4. Don’t forget to change the oil. You wouldn’t change the oil in your car once a year. The engine would sputter and die. Ditto for a business. Its engine needs to be continuously primed with ideas for new, better and improved products, processes and services. These keep your customers engaged and buying (more) from you. The days are long gone when you could make the exact same product for years, or confine innovation to once-a-year corporate retreats.

5. Set up an ideas board in your office or business meeting room. As ideas come up, don’t write them on the back of napkin, put them up on the board. Monthly, run these ideas by your internal team and your advisors. Choose a couple that you believe make the most sense. Then run the ideas by your customers at your next quarterly lunch. These are the people who buy what you sell. Let them weigh in. If they like your new ideas, you might just close your first sale.

Keep your ears and eyes open. Stay engaged. Listen. Relevant opportunities are being offered to you every day. They are your next step forward.

No comments

World Attention to Mississauga, Ontario


BuildingsA simple online design competition in 2005 generated an innovative structure that has lifted Mississauga, Ontario to worldwide attention.  Mississauga’s Absolute World Towers achieved global acclaim as winner of the Emporis Skyscraper Award, the world’s most renowned architecture prize for skyscrapers.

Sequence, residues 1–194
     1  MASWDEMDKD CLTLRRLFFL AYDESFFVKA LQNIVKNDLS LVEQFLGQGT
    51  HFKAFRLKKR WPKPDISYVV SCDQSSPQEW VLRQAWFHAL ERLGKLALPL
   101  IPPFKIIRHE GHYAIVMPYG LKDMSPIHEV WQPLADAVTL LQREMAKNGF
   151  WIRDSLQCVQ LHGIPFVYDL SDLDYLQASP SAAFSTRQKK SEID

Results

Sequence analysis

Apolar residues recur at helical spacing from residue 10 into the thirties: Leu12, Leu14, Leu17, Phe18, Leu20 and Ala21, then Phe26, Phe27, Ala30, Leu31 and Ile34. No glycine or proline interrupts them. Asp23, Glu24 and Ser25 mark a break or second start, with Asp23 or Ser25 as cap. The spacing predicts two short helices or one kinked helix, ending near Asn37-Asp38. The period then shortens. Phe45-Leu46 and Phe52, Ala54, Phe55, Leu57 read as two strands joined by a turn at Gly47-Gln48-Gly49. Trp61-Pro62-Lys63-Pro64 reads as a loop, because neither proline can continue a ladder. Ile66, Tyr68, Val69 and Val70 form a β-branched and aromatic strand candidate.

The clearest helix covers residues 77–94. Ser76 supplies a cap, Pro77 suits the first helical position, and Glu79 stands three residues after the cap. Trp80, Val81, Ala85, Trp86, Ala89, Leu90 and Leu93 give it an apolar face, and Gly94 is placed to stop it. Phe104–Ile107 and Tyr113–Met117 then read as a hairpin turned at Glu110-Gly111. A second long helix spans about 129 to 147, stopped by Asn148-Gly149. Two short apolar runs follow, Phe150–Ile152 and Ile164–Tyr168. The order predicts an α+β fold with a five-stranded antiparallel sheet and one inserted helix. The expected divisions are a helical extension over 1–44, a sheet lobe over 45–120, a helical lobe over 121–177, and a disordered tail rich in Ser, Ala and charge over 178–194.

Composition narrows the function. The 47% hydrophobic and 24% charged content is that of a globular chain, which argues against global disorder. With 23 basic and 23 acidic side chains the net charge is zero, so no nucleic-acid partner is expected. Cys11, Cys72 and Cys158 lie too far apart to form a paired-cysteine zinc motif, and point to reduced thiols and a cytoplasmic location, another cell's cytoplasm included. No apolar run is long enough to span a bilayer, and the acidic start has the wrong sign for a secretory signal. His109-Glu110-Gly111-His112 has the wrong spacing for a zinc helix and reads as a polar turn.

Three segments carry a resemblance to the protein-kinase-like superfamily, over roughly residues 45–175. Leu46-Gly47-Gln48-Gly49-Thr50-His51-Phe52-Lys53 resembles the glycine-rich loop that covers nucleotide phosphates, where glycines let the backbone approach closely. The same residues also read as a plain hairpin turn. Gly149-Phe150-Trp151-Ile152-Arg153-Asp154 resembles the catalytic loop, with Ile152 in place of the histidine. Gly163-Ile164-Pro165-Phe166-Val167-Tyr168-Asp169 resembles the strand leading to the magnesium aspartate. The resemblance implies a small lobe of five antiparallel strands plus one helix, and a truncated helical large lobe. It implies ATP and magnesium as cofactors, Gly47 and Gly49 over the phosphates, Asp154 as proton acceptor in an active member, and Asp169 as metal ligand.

“Innovation is all around us.  It is generated by those thinking beyond the traditional.  The Absolute World Towers are examples of thinking beyond the traditional and a visual representation of innovation in the heart of Mississauga,” said Ken Tencer, CEO, Spyder Works Inc.  “As an innovation enthusiast and thought-leader, I couldn’t be more proud that they are in my own backyard.”

Skyscrapers are commonly built on straight lines with each floor being the same as the one before.  The Absolute World Towers were designed to be more natural, more human, with none of the 428 condo units being exactly alike.  “By considering how to uniquely appeal to today’s consumers, and not simply repeat the standard, brands can bring innovation to their concepts thereby keeping your business fresh and customers coming back,” stated Tencer.

“The way the two structures twist organically by up to 8 degrees per floor is not just a superb technical achievement, but also a refreshing change to the set forms of high-rise routine,” stated the Emporis Skyscraper Award panel of experts in explaining the choice of the pair of towers.

The Emporis Skyscraper Award is the only prize for high-rise buildings awarded annually and on a global basis.  Award winners are selected by a panel of architecture experts from around the world.

Ken Tencer, and co-author John Paulo Cardoso’s latest book, Cause a Disturbance explores winning through innovation.  It’s about surprising and delighting your customers and solving their problems.  Are you ready to cause a disturbance? Pre-order your copy today at


1 Comment

Simple Packaging Innovation Leads to Big Brand Rewards